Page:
Tuesday, November 26, 2002

Natalie Solent is upset because someone has dropped her from their list of links because she links to Little Green Footballs (http://www.littlegreenfootballs.com/weblog/weblog.php) .

Now clearly LGFs is not a particularly pleasant site, but that does not need to concern us now. What should concern us is this quote from Solent 'I think a great deal of LGF's enormous hit rate comes from the fact that violence by Muslims is played down by the media. People read the papers and find stories tucked away in corners that they know perfectly well would be spread across the front page if a non-Muslim person or country did the same thing.'.

I find it remarkable that in this day and age people still believe this sort of thing. That somehow the 'Power-that-Be' are deliberately hiding stories about Muslims, which if they were about us -- THE WHITE POPULATION -- they would be all over the papers. Note the beautiful use of the phrase 'know perfectly well'. How, how, how do people 'know perfecftly well' that such stories would be all over the front page if they wre non-Muslims?

Of course they don't know anything of the sort. Yet this kind of nonsense is what you get from the RIght these days. It's strange, they've won every political battle of the last 25 years yet they still see themselves as part of a group discriminated against and generally persecuted.

The high priest of this world view is Robin Page, a Telegraph columinist and man of extreme views on everything, who can't make a speech about government policy in the countryside without saying that he has less rights than blacks, or gays or lesbians or even one-legged black, gay, lesbians. He's never managed to produce any evidence of this, mainly because he knows that it's not true, yet he still trots it out day after day.

Saturday, November 23, 2002

Ross Mckibben always writes wonderful articles for the London Review of Books (as he does wonderful lectures at Oxford) and this one lamenting the return of selection in our secondary schools is another classic.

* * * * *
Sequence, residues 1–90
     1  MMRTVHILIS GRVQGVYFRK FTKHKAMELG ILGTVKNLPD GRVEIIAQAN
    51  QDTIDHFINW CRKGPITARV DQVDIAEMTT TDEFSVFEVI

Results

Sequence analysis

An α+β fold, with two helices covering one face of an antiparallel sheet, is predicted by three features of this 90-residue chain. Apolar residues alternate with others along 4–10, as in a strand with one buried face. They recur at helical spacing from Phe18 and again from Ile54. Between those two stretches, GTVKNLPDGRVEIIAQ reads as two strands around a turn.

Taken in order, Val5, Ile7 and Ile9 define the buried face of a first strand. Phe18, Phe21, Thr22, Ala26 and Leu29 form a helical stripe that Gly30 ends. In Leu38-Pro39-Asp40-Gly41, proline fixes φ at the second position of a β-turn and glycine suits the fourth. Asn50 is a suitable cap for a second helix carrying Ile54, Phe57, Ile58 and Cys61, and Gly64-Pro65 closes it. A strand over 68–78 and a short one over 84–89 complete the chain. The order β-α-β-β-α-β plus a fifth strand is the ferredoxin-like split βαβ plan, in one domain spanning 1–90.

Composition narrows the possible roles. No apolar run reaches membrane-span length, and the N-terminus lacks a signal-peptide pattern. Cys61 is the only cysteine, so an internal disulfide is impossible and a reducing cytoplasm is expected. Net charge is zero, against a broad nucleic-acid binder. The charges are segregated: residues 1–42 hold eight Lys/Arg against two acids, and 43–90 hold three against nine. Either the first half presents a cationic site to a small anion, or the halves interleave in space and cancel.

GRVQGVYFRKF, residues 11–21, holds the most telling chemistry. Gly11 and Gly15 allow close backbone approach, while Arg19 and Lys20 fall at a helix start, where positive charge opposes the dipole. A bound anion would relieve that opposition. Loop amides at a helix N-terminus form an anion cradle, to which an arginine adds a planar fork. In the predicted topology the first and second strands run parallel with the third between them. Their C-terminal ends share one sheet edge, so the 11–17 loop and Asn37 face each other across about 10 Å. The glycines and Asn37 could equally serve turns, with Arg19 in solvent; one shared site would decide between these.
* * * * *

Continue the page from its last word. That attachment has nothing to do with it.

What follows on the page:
As McKibben notes selection was got rid of for three reasons : 1) Telling the vast majority of your young people that they are failures at the age of 11 was a huge waste of national potential, 2) Democracy requires some social commonality of experience, and selection only reduced that; and 3) It was impacting on the middle classes who found their families split down the middle. McKibben believes all of these reasons remain valid today.

McKibben could have added a few facts that proponents of grammar schools always forget. The split between grammars and secondary moderns was something like 20:80. This is why the middle classes were so aggrieved-- worse in fact than the working class or the upper class as the former had essentially given up on education so badly had it been treated and the latter, understandably, paid its way out of trouble. As McKibben notes this is the reason Mrs Thatcher created so many comprehensives, and the reason many Conservative councils were the first to get rid of selection when they could.

Wednesday, November 20, 2002

NathanNewman's site is a new one for me, but probably well known to everyone else. This link is to an article about President Bush's dishonesty, which when you think about it is quite breathtaking. Be sure however to check out some of the other stories.